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Page:Folk-lore - A Quarterly Review. Volume 17, 1906.djvu/446

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430 The European Sky -God.

blast from his fire-breathing mouth. Conn the Hundred- fighter, king of Ireland, at the Feast of Tara asked the assembled warriors for a man to defend the town against Aillen that night. None volunteered save Finn, then a lad of ten years only. Thanks to the spear of Fiacha, son of Congha, Finn kept awake at his watch, baffled the attack of Aillen, beheaded him, and fixed his head upon a pole. For this valiant deed Finn was made king of the Fianna, Goll, son of Morna,^ their previous king, being the first to recognise his claim. So, just as Cuchulain became king of the warriors of Ireland by defending Curoi's duji against the night attack of an assailant bearing branches of oak, Finn was promoted to the kingship by defending a dun against the night attack of an assailant bearing torches or breathing out fire. The analogy is not without significance.

Argyllshire lore gives a different account of the matter : '-^

' Fionn went for service to the Clanna Molum ; his mother gave him a bag of apples and three pins. When he entered the palace they said to him, " Food of apples, youth, we would fain get from you." He had left the bag at the door, and told them to bring it in themselves and take their pleasure. One after the other of the Clanna Molum went out, and not one could move the bag. At last Goll said : "The shadow of evil and evil wishes be upon you that would not bring it in, though seven times its own weight of earth were sticking to it." He went out himself, broke three of his ribs, and came in roaring. Fionn then went out and took it in on the point of a twig, and this was the first terror he struck into Clanna Molum. Then the palace took fire, and was burning at its two ends, and in the very middle. Fionn stuck his three wires, one in the middle and one at each end, and the fire went out. This was the second terror. His father's men had fled to the cave on the shore ... his first action in obtaining superiority over them and evincing that "he was a worthy son of a worthy father," was by bringing a bag of apples which he left, and which by en- chantment or secret sleight could not be lifted off the ground. One after another of the men in the cave was sent to bring the bag in, but they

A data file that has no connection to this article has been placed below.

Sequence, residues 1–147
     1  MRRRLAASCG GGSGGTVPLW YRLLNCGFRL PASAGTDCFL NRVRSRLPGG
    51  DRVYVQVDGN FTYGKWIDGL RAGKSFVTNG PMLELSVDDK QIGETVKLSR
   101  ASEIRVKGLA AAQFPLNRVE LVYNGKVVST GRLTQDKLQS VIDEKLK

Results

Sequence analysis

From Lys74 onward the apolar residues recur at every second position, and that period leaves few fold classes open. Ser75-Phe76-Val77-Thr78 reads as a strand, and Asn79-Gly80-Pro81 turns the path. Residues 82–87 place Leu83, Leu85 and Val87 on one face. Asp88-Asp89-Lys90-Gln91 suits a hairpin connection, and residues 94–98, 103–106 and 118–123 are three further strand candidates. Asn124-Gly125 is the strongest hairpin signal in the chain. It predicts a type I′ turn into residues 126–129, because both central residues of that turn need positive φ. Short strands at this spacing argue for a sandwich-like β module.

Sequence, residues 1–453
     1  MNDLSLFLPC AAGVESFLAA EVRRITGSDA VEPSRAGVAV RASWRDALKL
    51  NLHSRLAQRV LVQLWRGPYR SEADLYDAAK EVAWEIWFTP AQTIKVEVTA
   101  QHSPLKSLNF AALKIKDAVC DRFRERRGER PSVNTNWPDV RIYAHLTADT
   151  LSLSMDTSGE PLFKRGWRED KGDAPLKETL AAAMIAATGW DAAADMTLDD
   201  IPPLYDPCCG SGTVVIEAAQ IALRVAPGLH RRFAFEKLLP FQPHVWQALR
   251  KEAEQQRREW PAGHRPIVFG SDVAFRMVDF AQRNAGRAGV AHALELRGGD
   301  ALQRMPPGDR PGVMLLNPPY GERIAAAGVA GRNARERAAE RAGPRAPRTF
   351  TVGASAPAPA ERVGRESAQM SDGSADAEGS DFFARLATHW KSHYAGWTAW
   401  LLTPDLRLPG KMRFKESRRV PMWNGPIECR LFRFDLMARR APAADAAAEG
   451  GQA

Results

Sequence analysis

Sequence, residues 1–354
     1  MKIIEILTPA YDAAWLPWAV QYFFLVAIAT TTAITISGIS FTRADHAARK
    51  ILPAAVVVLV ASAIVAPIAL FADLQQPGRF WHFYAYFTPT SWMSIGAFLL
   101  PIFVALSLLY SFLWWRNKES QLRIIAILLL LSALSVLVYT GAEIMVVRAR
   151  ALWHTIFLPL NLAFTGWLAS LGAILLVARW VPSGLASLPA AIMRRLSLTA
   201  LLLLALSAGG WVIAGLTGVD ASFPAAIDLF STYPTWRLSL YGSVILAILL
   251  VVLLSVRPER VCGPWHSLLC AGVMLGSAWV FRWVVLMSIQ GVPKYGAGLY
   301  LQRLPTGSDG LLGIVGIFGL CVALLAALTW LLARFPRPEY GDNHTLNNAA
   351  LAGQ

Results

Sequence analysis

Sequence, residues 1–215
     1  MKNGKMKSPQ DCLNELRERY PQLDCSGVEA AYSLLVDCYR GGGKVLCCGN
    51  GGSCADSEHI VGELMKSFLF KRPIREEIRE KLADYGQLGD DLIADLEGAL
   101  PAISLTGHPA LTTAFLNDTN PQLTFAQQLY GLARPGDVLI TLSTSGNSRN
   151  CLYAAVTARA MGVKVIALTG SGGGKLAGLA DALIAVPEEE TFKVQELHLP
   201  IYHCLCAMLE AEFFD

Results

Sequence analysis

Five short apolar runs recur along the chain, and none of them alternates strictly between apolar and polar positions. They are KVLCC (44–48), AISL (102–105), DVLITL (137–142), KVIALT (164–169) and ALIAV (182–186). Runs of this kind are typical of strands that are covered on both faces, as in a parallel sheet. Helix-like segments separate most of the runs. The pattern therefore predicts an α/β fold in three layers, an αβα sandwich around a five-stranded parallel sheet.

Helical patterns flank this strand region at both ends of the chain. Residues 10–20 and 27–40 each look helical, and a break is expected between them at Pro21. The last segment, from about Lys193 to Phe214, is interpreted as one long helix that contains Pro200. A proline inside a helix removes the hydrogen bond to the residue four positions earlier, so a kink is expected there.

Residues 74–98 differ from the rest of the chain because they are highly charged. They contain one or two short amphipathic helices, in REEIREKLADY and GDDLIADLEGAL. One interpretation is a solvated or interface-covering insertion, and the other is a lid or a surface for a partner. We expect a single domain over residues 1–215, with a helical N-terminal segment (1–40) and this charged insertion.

1 Another name for Morna was Daire Dearg ('Oak the Red'): see The Boyish Exploits of Finn in Transactions of the Ossianic Society for i8j6 iv. 291, Revue cellique v. 195 ff. (text only).

"- Rev. J. G. Campbell The Fians p. 22 f.